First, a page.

Foreclosures are amongst the most local kind of law there is: every state and county has its own procedure for allowing lien creditors the right to force a sale of property to pay down the debts secured by the real property in its jurisdiction. In judicial foreclosure states, the note holder files a lawsuit asking the court for a judgment in mortgage foreclosure. After entry of the judgment, the creditor obtains a writ of execution authorizing and directing the sheriff to conduct the auction.
Sheriffs typically develop rigid procedures for allowing creditors to sell their collateral. This process can take months or years to navigate through. In many states and counties, the sheriff holds sales only every other month, usually requiring up to 120 days’ notice before the sale will be scheduled. In some counties, the sheriff won’t even hold a sale in December in deference to a holiday spirit.
Under the right circumstances, lenders can take the judicial process into their own hands by conducting sales in federal court. This procedure is genrally only available under the federal diversity rules, where the lender and the property owner reside in different states and the amount in controversy exceeds $75,000. When these stars align, the lender can file its foreclosure action in the United States District Court in the district where the property resides.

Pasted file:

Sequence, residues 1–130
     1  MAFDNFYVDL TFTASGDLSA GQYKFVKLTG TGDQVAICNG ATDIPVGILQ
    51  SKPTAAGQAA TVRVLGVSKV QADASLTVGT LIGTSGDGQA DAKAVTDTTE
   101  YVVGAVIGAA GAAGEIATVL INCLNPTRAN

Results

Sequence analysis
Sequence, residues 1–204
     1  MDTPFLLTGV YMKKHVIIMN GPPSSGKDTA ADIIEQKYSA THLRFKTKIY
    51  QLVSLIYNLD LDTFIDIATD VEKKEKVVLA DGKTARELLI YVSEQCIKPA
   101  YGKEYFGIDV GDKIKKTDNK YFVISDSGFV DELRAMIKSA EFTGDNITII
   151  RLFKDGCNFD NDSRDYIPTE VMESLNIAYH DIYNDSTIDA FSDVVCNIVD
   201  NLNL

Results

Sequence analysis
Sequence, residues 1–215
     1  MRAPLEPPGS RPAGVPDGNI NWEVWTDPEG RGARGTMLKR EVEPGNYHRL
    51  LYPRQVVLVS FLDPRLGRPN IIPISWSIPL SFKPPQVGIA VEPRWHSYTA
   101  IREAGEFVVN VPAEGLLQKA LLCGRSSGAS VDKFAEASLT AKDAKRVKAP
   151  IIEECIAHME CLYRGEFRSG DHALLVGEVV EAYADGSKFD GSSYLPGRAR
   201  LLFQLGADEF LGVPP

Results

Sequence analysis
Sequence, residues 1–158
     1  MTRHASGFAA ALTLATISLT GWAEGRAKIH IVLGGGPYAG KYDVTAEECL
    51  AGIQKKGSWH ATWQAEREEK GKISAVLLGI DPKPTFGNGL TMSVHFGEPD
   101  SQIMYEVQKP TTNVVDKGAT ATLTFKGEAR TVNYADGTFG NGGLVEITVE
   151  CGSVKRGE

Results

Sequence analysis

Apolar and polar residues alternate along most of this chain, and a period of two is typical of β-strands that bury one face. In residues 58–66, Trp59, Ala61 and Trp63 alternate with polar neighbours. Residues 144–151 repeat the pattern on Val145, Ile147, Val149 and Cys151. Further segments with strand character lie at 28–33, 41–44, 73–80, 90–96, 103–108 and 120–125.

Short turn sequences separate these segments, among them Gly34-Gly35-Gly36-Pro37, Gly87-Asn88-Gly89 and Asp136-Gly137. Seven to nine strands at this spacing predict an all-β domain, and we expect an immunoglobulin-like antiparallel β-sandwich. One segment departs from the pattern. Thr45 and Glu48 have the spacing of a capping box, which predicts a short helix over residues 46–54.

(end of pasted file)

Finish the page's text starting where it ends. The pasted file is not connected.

The advantages can be significant. The U.S. Marshal conducts very few foreclosure sales, so its staff is not likely to be overwhelmed by the backlog of pending sales. As a result, the lender can schedule (or adjourn) a sale with much greater flexibility than in the state proceeding. For example, a lender who suspends a sale in September may have to wait until the November sale date to have its sale in jurisdictions that schedule sheriff sales every other month. However, in federal court if the lender so prefers the Marshal can set the date only far enough in advance to allow the mandatory four weeks’ advertising to be completed. This flexibilty can make a huge diffference for the parties.
In some situations though filing federal foreclosure cases may be more trouble than they’re worth. This can happen in states where mediation is mandatory (or heavily encouraged) if the property to be sold is owner occupied residential property. Most such states have detailed and complex pre-sale procedures to ensure that a homeowner is not ousted from their residence without the chance to obtain a loan modification or other loss mitigation opportunity to keep the family in their abode. State courts are much more familiar with these procedures than federal courts, so in such circumstances choosing the federal option may actually slow the process down.
For many cases, however, choosing the federal option can offer a tremendous savings of time and money to complete the foreclosure process.